Strikes in Greece might affect your Greek vacation. There is no reason to worry though. Here is all the information you need to know about strikes in Greece.
Strikes in Greece
For people living in Greece, strikes are a fairly frequent occurrence. Looking back on a strike calendar (available only in Greek), you can see that, on average, there are at least 3-4 strikes a month. Don’t worry though, as the majority of those strikes in Greece are very unlikely to affect visitors.
By the way, the fact that someone in Greece decided to create a dedicated strike calendar, must surely mean something to you!
Who goes on strikes in Greece?
There are several categories of professions that can be on strike. This depends on the profession, and to a certain degree on the union they are affiliated with.
The main categories of people who are likely to go on strike in Greece are doctors, nurses, teachers, cleaners, museum employees, bank employees, customs employees, garbage collection employees, journalists, and everyone working for the wider public sector.
These unions generally go on strike for a day or two at a time, apart from extreme cases, when a 3-day strike, or longer, is announced. This is more common for people working in public hospitals, though in practice hospitals never really close down.
Public transportation strikes in Greece
So far so good though, as those professions are generally not related to tourism, apart from museum employees. Right? Wrong!
If you are visiting Greece, you *could* be affected by transportation strikes. Ferries, trains, airport traffic controllers, the Athens metro, taxis, trolleys, buses and the tram, all these people go on strike from time to time.
Sometimes the strikes last for a whole day, or 24 hours. In other occasions, there are work stoppages for only a few hours. This is fairly common for the transportation in Athens.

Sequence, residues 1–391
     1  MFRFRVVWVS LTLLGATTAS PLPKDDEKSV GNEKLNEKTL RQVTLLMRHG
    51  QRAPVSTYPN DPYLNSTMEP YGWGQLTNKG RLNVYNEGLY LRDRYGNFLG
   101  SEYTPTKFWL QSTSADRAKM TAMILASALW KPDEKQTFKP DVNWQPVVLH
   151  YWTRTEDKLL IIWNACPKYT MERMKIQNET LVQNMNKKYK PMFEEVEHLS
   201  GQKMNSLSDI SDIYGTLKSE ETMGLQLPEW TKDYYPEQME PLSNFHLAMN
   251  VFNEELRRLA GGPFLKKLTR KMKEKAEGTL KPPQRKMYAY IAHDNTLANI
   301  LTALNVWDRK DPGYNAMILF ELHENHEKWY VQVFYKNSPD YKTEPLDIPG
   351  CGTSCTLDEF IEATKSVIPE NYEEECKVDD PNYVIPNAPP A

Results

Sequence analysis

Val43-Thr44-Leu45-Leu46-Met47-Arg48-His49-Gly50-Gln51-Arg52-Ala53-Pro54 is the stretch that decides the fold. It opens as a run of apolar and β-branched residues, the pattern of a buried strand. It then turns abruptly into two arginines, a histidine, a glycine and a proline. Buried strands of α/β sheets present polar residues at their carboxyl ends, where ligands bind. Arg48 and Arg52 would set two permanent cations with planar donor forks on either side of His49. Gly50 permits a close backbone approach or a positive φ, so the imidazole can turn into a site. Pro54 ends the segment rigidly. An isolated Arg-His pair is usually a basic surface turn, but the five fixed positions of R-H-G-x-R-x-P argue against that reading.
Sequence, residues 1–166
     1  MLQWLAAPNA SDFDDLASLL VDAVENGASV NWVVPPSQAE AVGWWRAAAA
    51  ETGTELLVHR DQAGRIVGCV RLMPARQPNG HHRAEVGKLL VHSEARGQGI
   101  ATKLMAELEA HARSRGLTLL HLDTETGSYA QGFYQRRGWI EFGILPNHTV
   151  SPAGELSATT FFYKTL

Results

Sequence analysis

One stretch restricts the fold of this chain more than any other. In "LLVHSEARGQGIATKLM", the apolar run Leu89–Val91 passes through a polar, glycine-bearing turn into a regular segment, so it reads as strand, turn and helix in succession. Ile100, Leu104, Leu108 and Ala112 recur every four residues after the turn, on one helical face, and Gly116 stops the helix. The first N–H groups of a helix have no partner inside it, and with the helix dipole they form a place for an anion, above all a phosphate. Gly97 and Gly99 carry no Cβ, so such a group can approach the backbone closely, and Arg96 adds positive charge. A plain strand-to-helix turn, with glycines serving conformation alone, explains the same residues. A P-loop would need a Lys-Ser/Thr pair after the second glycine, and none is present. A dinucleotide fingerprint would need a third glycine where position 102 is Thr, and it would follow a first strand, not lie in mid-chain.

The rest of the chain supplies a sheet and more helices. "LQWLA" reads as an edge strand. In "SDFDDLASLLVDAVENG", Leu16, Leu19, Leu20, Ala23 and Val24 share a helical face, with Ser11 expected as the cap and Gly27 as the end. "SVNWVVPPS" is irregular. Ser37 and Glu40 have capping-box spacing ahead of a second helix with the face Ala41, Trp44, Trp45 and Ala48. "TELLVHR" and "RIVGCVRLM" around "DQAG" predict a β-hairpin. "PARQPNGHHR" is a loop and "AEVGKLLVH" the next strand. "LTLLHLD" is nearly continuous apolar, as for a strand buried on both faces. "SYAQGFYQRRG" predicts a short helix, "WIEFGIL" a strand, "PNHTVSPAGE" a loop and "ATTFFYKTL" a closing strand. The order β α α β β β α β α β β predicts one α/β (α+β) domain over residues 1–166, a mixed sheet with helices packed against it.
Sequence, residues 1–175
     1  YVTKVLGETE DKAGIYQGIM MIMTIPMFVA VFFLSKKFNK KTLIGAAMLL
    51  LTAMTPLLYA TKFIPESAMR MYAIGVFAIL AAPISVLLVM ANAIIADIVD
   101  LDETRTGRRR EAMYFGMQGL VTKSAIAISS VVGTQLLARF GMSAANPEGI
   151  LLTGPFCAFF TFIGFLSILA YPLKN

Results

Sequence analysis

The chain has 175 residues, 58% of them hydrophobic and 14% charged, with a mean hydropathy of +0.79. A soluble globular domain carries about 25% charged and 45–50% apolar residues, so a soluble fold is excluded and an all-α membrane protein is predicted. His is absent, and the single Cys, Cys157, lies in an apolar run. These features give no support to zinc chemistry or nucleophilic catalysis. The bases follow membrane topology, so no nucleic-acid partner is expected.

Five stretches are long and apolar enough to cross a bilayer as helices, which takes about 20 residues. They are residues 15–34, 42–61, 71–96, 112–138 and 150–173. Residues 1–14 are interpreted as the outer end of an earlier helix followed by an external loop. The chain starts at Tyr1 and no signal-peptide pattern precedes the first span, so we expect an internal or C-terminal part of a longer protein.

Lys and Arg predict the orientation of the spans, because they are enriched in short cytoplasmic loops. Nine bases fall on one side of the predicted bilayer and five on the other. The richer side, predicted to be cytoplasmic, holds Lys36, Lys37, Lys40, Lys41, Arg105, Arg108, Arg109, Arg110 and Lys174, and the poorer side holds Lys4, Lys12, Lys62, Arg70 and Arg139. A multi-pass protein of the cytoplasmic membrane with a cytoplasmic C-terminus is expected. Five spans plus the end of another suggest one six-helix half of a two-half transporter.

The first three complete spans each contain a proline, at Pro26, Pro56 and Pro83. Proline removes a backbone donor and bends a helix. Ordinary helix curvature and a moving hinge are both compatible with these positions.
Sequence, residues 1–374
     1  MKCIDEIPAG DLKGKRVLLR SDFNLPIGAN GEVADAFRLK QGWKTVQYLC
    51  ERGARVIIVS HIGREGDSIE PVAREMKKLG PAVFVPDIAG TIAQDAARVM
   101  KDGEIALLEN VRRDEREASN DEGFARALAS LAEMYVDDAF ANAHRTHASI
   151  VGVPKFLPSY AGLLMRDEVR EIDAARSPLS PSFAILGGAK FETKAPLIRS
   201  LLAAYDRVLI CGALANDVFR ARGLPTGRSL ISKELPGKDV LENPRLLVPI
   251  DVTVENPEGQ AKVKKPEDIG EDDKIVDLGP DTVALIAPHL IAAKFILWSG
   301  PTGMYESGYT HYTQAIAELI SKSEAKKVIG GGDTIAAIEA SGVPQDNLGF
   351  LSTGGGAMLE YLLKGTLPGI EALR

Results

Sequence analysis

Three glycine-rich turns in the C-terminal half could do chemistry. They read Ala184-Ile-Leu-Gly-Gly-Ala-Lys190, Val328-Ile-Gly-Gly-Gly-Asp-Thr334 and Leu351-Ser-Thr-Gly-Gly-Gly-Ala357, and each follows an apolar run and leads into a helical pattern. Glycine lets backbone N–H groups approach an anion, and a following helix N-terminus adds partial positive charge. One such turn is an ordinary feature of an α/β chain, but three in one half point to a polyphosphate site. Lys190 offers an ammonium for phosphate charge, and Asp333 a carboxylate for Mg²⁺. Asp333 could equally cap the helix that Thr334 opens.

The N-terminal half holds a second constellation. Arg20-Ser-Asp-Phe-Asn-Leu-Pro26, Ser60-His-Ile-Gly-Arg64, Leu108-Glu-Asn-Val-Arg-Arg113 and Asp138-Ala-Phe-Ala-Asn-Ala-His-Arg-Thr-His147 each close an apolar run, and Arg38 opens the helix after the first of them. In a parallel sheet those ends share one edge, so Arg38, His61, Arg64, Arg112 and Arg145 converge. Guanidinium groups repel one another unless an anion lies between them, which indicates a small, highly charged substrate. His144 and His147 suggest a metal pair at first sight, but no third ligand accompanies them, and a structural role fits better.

Strikes in Greece most frequently affect transportation around Athens, and the train routes to north Greece. Taxis and air traffic controllers are very rarely on strike in Greece. If they are, your hotel should be able to help you find a taxi even on a strike day. I also recommend Welcome Taxis.
What happens on a transportation strike day in Greece?
There are a few different ways you can be affected during transportation strikes in Greece.
Train strike in Greece
Trains around Greece won’t run, neither will the suburban railway within the Athens area. Confusingly, this will also affect the airport metro line, which will only operate partially. This is because part of the line used by the metro is owned by the train company.
If you need to get to the airport, you can use the Express airport bus – but make sure buses aren’t on strike as well, and leave early. Alternatively, you can get a Welcome taxi to the airport.
Metro strike in Athens
The Athens metro consists of three lines. The green line is owned by one company, and the red and blue lines are owned by another company. Weird, but it is what it is! The two companies don’t necessarily go on strike on the same days, so the green line might be running when the others don’t, and vice versa.
When there is a metro strike in Athens, be prepared for some serious traffic jams. If you are going to the airport, make sure you leave much earlier than you had planned.
Bus and trolley strike in Athens
In my experience, few visitors use trolleys or buses in Athens. Finding the exact route information can be complicated for a non-Athenian – and even for an Athenian!
With that said, many visitors use the airport buses, which connect the airport with several parts of the city. The most popular routes run to (a) Syntagma in central Athens and (b) the port of Piraeus.
In some occasions, both the airport metro / suburban railway and the airport bus are on strike. In this case, your only solution is to take a taxi from / to the airport.
Tram strike in Athens
The tram connects central Athens with various parts of the coast and the Athens Riviera. The slow ride is an inexpensive option to get to the coast. If the tram is on strike, your best bet is probably to get a taxi.
Ferry strikes in Greece